There was big news all over in the Mobility TechZone this week, so let's step in and check out some of the big highlights in the sector with our week in review.
First out of the gate was the announcement that Verizon was looking to launch the Verizon "Share Everything" plan, a line of family plans that afforded users not only unlimited voice calling and text messages, but also a pool of data access which families could share out among their members. The plan, dubbed an industry first by Verizon, also paved the way for more controls over those plans to launch in the future.
Next came a report that the city of Lexington, Kentucky was found one of the safest cities in the United States, thanks to their new acquisition of a P25 Land Mobile Radio setup. The P25 allows for 800 MHz simulcasting and is interoperable across the various major figures in Lexington, like the Bluegrass Airport, the University of Kentucky, and the Lexington Police and Fire Departments. Lexington has also worked with the supplier of the P25 system, Cassidian Communications, before on 911 call processing and emergency notification systems.
Then, Maravedis-Rethink issued a report suggesting that, while mobile broadband penetration in India markets has been a slow process to date, they expected it to take off in a big way. The report released expected India to account for 41 million 3G subscribers by the end of the year, and by 2017, that number is expected to increase over nine-fold to 371 million subscribers. The primary block to getting those numbers up sooner, according to the report, is a matter of getting inexpensive multimode technology to the user base.
Next was a discussion of just what the media missed when it came to Apple's recent Worldwide Developer's Conference earlier this week. The main point of just what was missing from most commentary that week was Apple's slight change in focus, specifically their shift in focusing away from getting new customers and more on keeping the loyal customers they already had. Also missing was the slow excision of other companies from the Apple experience, including mentions of Flash memory without Samsung, and the removal of any trace of Google from the Apple experience.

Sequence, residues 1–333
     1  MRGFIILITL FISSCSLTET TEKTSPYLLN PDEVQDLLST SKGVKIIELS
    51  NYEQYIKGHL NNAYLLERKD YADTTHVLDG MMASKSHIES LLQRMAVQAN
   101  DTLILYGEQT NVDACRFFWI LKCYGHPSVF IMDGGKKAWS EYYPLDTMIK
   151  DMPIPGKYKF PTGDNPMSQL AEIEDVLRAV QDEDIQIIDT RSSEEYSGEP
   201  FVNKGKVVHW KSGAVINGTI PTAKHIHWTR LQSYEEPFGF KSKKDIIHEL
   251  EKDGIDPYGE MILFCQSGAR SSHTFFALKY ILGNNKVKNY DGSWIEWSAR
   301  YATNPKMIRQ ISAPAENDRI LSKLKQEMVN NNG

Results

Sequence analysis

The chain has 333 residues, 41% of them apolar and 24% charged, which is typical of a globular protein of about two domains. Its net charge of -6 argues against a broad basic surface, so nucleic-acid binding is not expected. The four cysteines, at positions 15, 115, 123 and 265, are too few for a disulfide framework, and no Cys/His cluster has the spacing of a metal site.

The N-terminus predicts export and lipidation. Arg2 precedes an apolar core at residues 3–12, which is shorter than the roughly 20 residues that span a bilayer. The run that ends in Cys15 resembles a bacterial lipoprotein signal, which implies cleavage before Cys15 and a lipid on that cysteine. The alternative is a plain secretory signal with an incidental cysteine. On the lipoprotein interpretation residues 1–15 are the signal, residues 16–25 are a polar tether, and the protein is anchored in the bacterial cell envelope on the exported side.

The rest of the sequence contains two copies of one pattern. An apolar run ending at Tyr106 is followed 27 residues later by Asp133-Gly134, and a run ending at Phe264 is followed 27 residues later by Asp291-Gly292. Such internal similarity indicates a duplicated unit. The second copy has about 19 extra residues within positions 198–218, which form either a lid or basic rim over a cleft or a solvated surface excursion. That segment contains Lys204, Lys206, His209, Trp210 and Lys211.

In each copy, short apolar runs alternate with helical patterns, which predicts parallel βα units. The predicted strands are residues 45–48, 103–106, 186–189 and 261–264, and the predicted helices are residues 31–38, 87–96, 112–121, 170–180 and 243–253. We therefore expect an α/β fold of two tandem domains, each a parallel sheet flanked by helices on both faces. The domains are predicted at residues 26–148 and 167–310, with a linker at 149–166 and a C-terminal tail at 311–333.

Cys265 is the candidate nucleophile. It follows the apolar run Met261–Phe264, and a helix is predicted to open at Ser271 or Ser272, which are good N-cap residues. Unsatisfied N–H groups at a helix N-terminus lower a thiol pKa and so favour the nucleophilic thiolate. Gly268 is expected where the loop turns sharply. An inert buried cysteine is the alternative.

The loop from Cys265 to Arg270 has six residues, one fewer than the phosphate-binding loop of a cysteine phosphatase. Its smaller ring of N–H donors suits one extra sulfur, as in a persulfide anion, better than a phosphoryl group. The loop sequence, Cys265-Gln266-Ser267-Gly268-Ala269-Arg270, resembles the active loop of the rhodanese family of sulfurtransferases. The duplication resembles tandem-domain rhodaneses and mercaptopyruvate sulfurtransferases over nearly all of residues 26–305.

Nokia came in with the next report, announcing a plan to eliminate another 10,000 jobs by the end of next year. The move was said to be a necessary one to give Nokia its best chance to return to what chief executive Stephen Elop described as "long-term competitive strength". But even with the layoffs planned, Nokia is also looking to double down on its Lumia line of phones, and hopes to gain ground with them in an increasingly competitive market.
Finally, we got a look at what's being referred to as "Super Wi-Fi", or IEEE standard 802.22, which offers a low-speed connection over long distances that may be the answer for places that have long been underserved in terms of Internet access. Since Super Wi-Fi has a range of around 62 miles and a maximum speed of 22 Mbps, it should provide a substantial upgrade for large portions of the world. Handing off from 802.11 standards to those of 802.22 may be a problem though.
It was a huge week in terms of mobility tech news, and our global online community is constantly on the lookout for the latest and greatest to bring your way. We'll see you back here next week for more, and another week in review wrap-up!